At Etratech, we know the importance of environmentally conscious business, and how crucial recycling is to our planet. We place great value on being RoHS (Restriction of Hazardous Substances) and WEEE (Waste Electrical and Electronic Equipment) compliant.
WEEE is an EU directive that, in conjunction with RoHS, sets collection, recycling, and recovery targets for all types of electronic goods. The RoHs Directive set restrictions upon European manufacturers as to the material content of new electronic equipment placed on the market. They both became European law in 2003, with revisions in 2012 and 2014.
Why is this so critical? According to the European Commission: “Waste of electrical and electronic equipment (WEEE) such as computers, TV-sets, fridges and cell phones is one the fastest growing waste streams in the EU, with some 9 million tonnes generated in 2005, and expected to grow to more than 12 million tonnes by 2020.” That’s made electronics recycling big business. The recycling industry is expected to grow from US$9.8 billion in 2012 to US$41.3 billion in 2019 – a growth of over 23%, which certainly reflects how “disposable” our personal electronics have become.
From a manufacturer’s perspective, we believe it is important to research who their recycler is, as this excess of WEEE products has caused capacity issues for many recycling firms, leading to some sending their waste overseas, rather than properly handling it.
In recent years, it was reported that several WEEE recyclers, including those dealing in television sets, have seen an increase of up to 30 percent, leading to the need for temporary storage when they couldn’t handle the drastic increases. This is just one example of WEEE increases, and that excess trickles down to all electronics, creating capacity problems across the board.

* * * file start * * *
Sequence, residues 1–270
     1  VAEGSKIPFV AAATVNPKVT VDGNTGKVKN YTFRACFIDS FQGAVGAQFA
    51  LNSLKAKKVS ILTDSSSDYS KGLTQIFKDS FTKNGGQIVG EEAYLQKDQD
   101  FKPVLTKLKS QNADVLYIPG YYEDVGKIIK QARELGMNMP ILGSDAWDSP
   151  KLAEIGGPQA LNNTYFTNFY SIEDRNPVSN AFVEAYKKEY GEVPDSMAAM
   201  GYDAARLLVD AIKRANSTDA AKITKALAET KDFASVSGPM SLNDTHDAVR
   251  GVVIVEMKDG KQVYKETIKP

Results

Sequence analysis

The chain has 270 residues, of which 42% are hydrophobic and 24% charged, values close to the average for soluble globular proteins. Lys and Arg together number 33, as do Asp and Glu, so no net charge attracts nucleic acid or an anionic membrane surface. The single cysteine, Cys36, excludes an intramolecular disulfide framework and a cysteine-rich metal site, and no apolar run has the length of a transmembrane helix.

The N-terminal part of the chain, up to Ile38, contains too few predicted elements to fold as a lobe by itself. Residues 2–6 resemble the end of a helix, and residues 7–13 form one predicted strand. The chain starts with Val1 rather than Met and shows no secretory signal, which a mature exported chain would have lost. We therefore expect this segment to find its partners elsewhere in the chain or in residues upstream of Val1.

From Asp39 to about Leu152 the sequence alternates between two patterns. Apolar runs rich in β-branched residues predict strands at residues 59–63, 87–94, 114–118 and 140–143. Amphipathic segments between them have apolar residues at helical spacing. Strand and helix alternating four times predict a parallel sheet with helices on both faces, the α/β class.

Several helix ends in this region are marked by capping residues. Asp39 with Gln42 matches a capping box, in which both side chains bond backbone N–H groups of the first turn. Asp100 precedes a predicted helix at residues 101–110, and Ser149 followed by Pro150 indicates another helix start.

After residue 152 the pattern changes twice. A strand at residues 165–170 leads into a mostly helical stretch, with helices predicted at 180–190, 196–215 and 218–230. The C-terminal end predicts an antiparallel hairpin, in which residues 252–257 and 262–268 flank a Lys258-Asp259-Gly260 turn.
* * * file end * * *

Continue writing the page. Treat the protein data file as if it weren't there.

The problem is exacerbated today by falling scrap metal prices, which are putting many recyclers in Europe under tremendous pressure. Countries are handling the ROHS regulations with varying levels of success. Ireland is reportedly ahead of its target, thanks to WEEE Ireland collection events, while Romania is only recycling about 30 percent of its WEEE, while giving away another 21 percent. In the UK, consumers frequently find themselves paying a fee for removal of aging appliances and other larger electronics.
But the news isn’t all bad; in fact, there are a lot of promising stories about electronics recycling globally. According to Recyling Today, 70,000 metric tonnes of WEEE have been produced in Hong Kong in the last year. A recycler in that region the group reports transforming WEEE “into secondary materials such as plastic, aluminum, copper and iron after collection, separation, detoxification, dismantling and recycling.” That organization processed over 7 million metric tons of material last year and was able to recycle 80 percent.
Another recycler is leveraging European technology to transform WEEE into lower-emissions fuels, or Refuse Derived Fuel (RDF), which could potentially replace fossil fuels. “RDF is relatively prevalent in European countries, and its application can be incorporated in steel, cement, and asphalt production industries,” the recycler noted.
We believe in the importance of proper recycling, and encourage manufacturers to do the necessary research, ensuring that they choose a recycler who follows the correct procedures and can handle the increases, dealing with excess in responsible – and ideally, innovative – ways. We are all responsible for our planet.